Kyrie Irving, an NBA champion, seven-time NBA All-Star, and member of the exclusive 50-40-90 club, has achieved another recognition: Native American.
This week, the 29-year-old who was born in Melbourne, Australia, and raised in New Jersey, became an official member of the Standing Rock Sioux Tribe. The tribe counts more than 8,200 people as Standing Rock members.
Irving has been for several years fostering his relationship with the Native American group. His mother, who died of an illness when he was only four, was a member of the Standing Rock Sioux.
Grateful for all of my relatives. I am home,” Irving said on Instagram.
Irving’s activism within the Native American community began in November of 2016 when he lent his support to protectors on the Standing Rock Indian Reservation who were demonstrating against the Dakota Access Pipeline. Two years later, the tribe assigned Irving his Lakota name of Ȟéla (Little Mountain).
The NBA superstar has honored his tribal heritage since by donating money to the Standing Rock Sioux. Irving additionally burns sage before each game, a practice popular among Native Americans to rid negative energy.
Irving’s Brooklyn Nets lost in seven games during the June Eastern Conference Semifinals to the eventual NBA Champion Milwaukee Bucks. The Nets, however, are favored to win next season’s NBA title. The team currently has the shortest odds on DraftKings at +220.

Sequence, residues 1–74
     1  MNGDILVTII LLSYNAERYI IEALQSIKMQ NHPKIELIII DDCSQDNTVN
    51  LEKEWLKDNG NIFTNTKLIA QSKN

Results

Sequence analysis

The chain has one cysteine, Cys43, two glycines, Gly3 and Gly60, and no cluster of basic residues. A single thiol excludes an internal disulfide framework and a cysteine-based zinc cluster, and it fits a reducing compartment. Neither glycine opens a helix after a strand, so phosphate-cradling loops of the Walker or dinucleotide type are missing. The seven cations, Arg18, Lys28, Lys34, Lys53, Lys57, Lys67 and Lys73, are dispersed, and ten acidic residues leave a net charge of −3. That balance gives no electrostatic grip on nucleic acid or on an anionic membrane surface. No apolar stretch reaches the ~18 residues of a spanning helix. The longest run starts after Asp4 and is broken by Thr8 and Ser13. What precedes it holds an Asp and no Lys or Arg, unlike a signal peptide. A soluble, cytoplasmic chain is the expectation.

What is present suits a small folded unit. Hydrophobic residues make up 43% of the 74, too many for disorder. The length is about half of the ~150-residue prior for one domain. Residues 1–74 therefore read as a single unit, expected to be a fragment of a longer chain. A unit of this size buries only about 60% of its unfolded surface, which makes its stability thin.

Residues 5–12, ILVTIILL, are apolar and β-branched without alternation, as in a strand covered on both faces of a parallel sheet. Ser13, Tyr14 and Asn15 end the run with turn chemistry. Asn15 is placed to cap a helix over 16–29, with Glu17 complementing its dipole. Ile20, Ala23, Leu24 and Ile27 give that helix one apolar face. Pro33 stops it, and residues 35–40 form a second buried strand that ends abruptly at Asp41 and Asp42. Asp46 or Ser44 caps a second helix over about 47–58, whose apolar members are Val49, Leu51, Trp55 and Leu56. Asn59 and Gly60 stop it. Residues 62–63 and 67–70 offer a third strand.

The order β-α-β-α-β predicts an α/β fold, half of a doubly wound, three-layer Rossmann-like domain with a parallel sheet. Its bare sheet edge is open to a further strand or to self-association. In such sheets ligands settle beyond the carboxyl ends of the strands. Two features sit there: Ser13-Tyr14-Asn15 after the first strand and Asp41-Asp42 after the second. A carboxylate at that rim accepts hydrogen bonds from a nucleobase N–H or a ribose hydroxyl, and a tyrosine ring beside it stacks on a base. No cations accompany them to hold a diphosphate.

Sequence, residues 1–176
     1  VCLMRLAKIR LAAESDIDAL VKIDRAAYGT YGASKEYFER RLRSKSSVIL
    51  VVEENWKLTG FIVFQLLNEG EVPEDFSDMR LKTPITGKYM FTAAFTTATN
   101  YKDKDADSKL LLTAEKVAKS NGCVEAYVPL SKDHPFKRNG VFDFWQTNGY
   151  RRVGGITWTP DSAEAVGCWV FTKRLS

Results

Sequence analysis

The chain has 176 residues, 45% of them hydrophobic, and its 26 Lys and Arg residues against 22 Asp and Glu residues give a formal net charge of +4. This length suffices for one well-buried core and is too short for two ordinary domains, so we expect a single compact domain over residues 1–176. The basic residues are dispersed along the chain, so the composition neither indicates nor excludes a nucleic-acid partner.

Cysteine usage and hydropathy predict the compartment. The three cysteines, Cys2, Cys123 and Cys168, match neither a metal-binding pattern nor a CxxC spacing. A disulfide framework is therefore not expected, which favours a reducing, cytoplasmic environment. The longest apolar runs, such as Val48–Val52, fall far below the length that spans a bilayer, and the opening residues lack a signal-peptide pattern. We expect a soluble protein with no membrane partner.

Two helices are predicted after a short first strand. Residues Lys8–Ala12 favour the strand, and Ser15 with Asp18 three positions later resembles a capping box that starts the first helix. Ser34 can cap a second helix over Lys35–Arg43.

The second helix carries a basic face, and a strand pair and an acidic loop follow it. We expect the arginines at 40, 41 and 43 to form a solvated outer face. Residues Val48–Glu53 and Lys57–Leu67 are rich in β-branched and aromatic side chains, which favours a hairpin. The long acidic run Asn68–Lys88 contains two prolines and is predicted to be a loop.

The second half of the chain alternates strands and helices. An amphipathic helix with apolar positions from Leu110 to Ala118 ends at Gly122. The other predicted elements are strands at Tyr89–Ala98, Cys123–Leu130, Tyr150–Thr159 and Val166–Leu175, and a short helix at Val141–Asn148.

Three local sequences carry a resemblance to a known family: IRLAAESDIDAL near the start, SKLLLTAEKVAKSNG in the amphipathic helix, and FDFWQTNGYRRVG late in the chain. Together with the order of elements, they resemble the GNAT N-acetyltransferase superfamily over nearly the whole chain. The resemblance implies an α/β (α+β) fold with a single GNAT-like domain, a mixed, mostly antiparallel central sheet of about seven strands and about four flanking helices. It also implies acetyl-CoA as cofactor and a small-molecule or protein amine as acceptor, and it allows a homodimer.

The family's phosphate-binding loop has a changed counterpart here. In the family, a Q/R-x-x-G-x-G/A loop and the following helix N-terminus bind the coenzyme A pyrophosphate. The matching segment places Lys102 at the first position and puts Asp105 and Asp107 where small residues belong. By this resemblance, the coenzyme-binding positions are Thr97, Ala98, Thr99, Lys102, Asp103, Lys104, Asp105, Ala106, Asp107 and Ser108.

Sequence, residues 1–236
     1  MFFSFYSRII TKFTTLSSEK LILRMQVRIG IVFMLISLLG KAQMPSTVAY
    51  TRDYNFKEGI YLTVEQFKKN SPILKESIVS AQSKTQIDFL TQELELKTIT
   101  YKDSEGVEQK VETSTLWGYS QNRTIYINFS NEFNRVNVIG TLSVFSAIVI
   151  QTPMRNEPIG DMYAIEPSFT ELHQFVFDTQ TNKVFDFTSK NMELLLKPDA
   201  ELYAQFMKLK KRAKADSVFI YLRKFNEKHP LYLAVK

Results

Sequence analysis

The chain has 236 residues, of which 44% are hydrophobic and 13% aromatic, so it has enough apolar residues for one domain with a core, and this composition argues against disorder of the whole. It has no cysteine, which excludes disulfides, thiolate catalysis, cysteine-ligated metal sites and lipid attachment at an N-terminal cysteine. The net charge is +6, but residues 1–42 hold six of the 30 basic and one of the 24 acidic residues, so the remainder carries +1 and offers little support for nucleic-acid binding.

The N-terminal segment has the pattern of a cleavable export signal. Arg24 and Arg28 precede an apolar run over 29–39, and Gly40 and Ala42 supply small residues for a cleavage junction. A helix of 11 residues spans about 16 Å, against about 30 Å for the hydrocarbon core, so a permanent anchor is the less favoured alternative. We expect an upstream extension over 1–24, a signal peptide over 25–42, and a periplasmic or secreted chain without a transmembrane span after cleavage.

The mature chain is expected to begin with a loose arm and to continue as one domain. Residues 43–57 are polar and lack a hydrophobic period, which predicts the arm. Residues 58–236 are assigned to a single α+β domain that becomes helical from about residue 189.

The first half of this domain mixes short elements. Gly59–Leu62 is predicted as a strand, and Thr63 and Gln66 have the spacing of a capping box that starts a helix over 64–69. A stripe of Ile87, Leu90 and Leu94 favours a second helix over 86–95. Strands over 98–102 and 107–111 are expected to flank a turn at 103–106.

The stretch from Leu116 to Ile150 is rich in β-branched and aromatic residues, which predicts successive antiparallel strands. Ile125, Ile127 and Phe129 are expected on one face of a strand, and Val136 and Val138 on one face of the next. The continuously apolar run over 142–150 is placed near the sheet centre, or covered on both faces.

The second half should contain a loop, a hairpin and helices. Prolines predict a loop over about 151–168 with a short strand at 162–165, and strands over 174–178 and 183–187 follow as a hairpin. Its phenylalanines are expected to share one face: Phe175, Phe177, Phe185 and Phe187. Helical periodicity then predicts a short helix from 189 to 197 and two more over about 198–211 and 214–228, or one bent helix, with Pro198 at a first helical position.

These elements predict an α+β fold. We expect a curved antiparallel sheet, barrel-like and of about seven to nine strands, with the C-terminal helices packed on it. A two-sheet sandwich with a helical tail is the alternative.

The Standing Rock Sioux Tribe, like most Native Americans today, relies on its casinos to keep its economy and sovereignty afloat. The group owns and operates two gaming resorts.
Standing Rock’s primary casino is its Prairie Knights Casino Resort in Fort Yates, North Dakota. The gaming floor features 700 slot machines and blackjack, craps, three card poker, and ultimate Texas hold’em table games.
The Prairie Knights Lodge offers 200 guestrooms, and the resort’s events center attracts marquee acts to the remote region. The resort additionally features a marina and RV park.
Standing Rock’s other property is the Grand River Casino Resort in Mobridge, South Dakota. The smaller casino comes with 250 slot machines and about a dozen table games.
The two tribal casinos are separated by roughly 50 air miles. Standing Rock’s sovereign reservation spans across the two states, and measures approximately 3,500 square miles.
Along with its two casinos, the community’s economy is fueled by its cattle ranching enterprise. However, tribal members who live on the reservation are far from wealthy.
According to the US Census Bureau, the median per capita income on the reservation is less than $20,000 annually. That’s substantially less than the national average of $34,100.
COVID-19 didn’t spare tribal communities in its destruction. In fact, health experts say the coronavirus disproportionately affected American Indian populations compared with the rest of the country.
Tribal casinos were also greatly impacted. Gross gaming revenue (GGR) at Native American properties dropped 20 percent in 2020.
GGR numbers compiled by the National Indian Gaming Commission reported earlier this month that 248 gaming tribes that collectively own 524 casinos combined to win $27.8 billion off of gamblers.
By comparison, the tribal casinos won $34.6 billion prior to the pandemic in 2019.
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